Howard leads Boscombe Band

YOU GAINED A DOCTOR OF MUSICAL ARTS DEGREE IN PERFORMANCE. HAS THIS ACHIEVEMENT HELPED TO FURTHER YOUR MUSICAL CAREER, ESPECIALLY IN YOUR PRESENT ROLE AS DIRECTOR OF CLASSICAL PERFORMANCE AT SALFORD UNIVERSITY?

It obviously contributed to my being offered the permanent post I have at the university, especially in today’s cultural need for qualifications. But I’ve always felt that the most important thing about gaining this was the process I went through, the experiences during this period of study and my own personal development as a result of that.

YOU ARE ALSO A COMPOSER; SOME WOULD SAY YOU HAVE NOT WRITTEN ENOUGH. CAN WE EXPECT MORE MUSIC FROM YOUR PEN?

I would love to have more time to write, and have some works sketched out and on the drawing board. I just don’t seem to have enough hours in a week to accomplish everything that I would wish, but it is a serious intention to be able to produce more music.

YOU’VE BEEN BANDMASTER AT BOSCOMBE FOR MORE THAN
12 YEARS; FROM A PERSONAL POINT OF VIEW, I NEVER FAIL TO BE SPIRITUALLY UPLIFTED BY THE BAND’S PLAYING, PARTICULARLY OF DEVOTIONAL MUSIC. HOW DO YOU APPROACH THIS IMPORTANT ASPECT OF MINISTRY?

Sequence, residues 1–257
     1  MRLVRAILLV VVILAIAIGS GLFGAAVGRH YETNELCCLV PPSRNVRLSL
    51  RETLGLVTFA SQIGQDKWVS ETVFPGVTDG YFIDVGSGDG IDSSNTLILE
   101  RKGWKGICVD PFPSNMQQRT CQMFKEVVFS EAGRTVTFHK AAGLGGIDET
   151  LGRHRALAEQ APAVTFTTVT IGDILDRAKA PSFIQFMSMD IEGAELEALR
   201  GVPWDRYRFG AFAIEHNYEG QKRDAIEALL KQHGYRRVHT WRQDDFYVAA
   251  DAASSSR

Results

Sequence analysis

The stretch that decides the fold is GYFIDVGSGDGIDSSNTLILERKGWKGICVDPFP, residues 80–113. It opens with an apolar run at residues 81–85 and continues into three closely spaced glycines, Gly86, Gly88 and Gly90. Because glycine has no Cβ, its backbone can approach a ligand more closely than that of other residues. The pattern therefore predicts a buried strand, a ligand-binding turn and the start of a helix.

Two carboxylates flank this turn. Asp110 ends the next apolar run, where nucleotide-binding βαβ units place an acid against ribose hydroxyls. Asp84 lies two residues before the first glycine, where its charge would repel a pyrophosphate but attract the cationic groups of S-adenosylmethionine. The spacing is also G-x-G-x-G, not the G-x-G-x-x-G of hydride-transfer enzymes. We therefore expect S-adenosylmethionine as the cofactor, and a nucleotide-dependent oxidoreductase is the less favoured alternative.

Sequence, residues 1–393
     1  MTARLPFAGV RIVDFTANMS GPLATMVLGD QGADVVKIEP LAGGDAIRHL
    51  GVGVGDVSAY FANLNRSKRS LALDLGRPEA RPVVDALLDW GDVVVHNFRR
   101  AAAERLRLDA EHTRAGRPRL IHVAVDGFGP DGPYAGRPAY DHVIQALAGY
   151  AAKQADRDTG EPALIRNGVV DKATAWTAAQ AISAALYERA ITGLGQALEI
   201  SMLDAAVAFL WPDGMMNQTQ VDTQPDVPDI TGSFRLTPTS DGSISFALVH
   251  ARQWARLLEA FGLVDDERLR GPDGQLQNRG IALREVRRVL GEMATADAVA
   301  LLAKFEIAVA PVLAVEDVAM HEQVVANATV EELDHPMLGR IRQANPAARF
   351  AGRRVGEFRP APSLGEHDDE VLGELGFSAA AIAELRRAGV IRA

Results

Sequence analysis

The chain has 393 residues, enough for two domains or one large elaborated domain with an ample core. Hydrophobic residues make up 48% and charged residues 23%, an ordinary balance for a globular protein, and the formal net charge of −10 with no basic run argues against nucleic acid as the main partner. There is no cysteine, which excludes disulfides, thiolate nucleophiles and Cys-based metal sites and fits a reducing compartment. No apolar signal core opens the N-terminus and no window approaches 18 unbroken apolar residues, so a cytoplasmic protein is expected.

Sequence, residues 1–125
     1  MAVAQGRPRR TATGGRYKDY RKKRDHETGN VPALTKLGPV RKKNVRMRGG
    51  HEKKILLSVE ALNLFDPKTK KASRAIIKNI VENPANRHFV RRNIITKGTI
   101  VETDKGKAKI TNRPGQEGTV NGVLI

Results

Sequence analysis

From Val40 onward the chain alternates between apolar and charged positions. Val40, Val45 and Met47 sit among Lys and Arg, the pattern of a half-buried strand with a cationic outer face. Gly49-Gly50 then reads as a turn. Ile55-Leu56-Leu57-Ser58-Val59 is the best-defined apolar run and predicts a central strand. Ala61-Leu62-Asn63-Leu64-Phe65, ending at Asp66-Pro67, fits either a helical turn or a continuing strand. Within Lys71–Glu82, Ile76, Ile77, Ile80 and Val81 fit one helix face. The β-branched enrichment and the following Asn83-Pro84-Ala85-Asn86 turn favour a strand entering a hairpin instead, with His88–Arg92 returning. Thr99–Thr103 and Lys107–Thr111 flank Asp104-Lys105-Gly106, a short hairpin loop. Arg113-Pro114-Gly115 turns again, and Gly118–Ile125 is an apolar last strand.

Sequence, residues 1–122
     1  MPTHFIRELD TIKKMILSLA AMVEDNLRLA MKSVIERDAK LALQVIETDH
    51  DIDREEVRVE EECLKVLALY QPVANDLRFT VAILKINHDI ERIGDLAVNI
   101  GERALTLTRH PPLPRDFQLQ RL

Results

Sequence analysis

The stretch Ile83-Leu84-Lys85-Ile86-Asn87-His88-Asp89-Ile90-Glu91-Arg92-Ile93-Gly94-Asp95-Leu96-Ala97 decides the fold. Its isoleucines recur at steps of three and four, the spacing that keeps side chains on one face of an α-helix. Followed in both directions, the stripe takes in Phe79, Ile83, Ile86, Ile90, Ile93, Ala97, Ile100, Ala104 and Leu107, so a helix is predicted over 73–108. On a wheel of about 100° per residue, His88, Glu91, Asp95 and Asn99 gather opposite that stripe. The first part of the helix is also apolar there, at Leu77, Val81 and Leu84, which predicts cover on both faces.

I said to the band at rehearsal this week, that whatever standard of piece we play, in whatever place we perform, it has to be of the highest and most consistent level, for the reasons I outlined earlier in my approach to music. The music has to communicate the spiritual dimension.

YOUR POSITIVITY IN THE FACE OF CANCER HAS BEEN AN INSPIRATION TO MANY, BUT IT MUST HAVE AFFECTED YOUR WHOLE LIFE. HOW HAVE YOU COPED IN THESE DIFFICULT CIRCUMSTANCES?

Howard and HeaterThis is probably the most important question you have asked me, and could be answered at length. At the start of 2013, Heather and I were simply asking that the right doors be opened to us for the coming year, and this was the path we found ourselves on.

I can divide the last 14 months into different periods of treatment, from chemotherapy to radiotherapy and having surgery twice. I can identify during each of these phases a song, or sometimes a psalm, that became a mantra to keep my focus, whatever the circumstances. Sometimes they were of my own finding and sometimes they were given to me by friends. For example, before going under the anaesthetic for surgery the first time, I was using the words of George Matheson’s song, ‘O Love That Wilt Not Let Me Go’, as well as for some time after that. In that way music has also played its part in these last months.

Also I have been overwhelmed by the number of people who have kept in touch – by letter, phone, email and social media – and promised to pray for me. I have been convinced that this support has been part of my general sense of wellbeing throughout this time.

Allow me to say a heartfelt thank you to God, and to all those who have supported us during this long journey.

Originally published April 26, 2014. Reproduced with the kind permission of Salvationist magazine.